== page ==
South American countries promote elimination of fertilizer from Russian sanctions

São Paulo — Six South American countries are proposing to exclude fertilizer from sanctions on Russia, the world’s major producer, which has been cut off by the invasion of Ukraine, Brazil’s Agriculture Minister Teresa Christina Diaz said Thursday. Told to.

She said Brazil has secured the support of Argentina, Bolivia, Chile, Paraguay, and Uruguay for proposals to exclude fertilizer products submitted to the Food and Agriculture Organization of the United Nations.

Brazil, an agricultural powerhouse, is the world’s largest importer of fertilizers and argues that nutrients in crops such as food should not be subject to sanctions.

Brazil relies on imports for 85% of the fertilizer needed for grains. More than one-fifth of imports, a total of 9 million tonnes from Russia in 2021.

Expected to speak with FAO’s Secretary of State Qu Dongyu, Diaz points out that fertilizer shortages can cause food inflation and compromise food security, finding a global solution to this problem. I called on each country.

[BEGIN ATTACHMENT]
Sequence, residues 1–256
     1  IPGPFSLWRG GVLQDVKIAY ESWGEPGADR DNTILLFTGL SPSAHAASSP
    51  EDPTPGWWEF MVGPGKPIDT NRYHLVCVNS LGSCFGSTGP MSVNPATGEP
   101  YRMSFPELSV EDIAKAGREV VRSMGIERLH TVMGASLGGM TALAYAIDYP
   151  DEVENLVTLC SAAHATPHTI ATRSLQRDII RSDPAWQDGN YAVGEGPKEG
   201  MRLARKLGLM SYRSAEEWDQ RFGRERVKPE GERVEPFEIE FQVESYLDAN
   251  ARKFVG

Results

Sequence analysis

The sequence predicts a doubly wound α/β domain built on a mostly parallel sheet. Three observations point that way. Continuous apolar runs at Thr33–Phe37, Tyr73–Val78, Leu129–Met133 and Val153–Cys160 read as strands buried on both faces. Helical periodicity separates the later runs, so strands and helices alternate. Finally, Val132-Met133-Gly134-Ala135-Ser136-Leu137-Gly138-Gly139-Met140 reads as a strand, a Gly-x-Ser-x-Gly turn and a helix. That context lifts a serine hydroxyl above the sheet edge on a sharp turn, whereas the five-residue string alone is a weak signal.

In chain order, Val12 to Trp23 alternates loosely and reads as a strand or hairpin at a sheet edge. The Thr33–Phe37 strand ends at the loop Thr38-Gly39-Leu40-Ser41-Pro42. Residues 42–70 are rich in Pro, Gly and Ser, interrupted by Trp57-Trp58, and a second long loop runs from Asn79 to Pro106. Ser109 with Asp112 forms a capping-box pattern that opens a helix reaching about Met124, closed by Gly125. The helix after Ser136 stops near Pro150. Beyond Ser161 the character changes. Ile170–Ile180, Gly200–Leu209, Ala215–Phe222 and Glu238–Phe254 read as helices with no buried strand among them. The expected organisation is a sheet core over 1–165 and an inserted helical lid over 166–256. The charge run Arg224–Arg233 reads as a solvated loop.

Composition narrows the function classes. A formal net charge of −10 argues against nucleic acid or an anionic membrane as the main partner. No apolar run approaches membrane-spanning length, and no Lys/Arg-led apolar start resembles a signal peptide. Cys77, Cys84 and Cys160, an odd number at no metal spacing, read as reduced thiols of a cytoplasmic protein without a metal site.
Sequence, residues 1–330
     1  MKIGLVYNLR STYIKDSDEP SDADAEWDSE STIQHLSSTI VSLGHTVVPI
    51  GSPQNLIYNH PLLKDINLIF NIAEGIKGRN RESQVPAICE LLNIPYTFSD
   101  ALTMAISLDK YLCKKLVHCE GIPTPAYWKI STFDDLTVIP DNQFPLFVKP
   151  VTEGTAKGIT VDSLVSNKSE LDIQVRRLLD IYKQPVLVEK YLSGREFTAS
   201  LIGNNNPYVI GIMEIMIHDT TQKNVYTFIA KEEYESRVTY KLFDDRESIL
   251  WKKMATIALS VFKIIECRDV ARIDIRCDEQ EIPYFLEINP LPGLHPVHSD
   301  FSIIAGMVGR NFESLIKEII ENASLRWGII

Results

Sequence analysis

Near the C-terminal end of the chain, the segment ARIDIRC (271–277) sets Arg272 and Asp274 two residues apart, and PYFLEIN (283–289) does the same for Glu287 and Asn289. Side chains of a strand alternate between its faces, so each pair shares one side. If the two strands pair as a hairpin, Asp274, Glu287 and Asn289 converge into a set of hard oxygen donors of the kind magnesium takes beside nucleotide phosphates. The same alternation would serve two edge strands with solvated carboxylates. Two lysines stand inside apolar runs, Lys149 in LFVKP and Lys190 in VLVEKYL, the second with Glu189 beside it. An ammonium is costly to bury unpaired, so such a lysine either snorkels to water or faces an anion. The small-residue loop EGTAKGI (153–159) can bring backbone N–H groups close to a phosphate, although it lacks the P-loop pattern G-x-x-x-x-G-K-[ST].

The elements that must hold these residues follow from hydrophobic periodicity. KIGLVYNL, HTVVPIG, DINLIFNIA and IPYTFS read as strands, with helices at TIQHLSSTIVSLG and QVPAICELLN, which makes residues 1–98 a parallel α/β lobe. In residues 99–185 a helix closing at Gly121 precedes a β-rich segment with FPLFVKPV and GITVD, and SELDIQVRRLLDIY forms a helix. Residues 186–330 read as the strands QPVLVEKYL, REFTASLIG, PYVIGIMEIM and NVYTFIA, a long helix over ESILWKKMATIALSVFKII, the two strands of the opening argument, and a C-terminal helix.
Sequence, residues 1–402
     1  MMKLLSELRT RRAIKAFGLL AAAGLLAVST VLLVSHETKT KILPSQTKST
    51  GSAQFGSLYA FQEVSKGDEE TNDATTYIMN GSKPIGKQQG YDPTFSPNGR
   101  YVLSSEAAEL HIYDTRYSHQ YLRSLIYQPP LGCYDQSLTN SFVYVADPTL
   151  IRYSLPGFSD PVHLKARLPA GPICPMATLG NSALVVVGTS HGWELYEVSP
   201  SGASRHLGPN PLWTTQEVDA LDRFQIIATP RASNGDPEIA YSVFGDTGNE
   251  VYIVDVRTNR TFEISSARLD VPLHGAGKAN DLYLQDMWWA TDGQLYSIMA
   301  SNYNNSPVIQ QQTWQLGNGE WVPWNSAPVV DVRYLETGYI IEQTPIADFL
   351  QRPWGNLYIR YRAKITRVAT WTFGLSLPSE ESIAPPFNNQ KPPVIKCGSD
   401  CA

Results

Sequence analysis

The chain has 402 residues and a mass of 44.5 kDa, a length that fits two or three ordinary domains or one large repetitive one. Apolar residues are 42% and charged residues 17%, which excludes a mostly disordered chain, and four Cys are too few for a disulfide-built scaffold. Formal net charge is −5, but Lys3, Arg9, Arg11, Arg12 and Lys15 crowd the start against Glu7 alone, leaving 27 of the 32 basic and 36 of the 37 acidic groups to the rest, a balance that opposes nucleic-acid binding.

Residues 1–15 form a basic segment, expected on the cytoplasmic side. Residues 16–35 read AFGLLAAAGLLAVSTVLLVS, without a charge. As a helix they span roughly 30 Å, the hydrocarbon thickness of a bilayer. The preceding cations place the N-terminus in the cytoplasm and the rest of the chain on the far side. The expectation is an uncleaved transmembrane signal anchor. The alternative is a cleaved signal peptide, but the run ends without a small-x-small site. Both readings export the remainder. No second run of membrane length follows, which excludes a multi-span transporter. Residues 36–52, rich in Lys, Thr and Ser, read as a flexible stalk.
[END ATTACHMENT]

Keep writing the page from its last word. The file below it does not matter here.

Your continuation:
She hopes to get sufficient support from FAO to convince other UN member states to support the proposal.

“World food inflation is a concern for all countries,” Diaz said in a recent interview.

Even before the war in Ukraine, the global supply of fertilizers, especially potash, had already been reduced after the United States approved another major producer, Belarus.

As part of Brazil’s efforts to secure supply, Diaz and Brazilian corporate representatives will travel next week to Canada, where Nutrien, the world’s largest producer of potash, is based.

Russia is Brazil’s major source of nitrogen, phosphorus and potassium NPK fertilizer mixtures, while Canada is Brazil’s major source of potash used to increase yields.

Brazil’s President Jair Bolsonaro visited Moscow a few days before the invasion of Ukraine to discuss Russia’s fertilizer supply and the sale of Brazilian beef.

Roberto Samora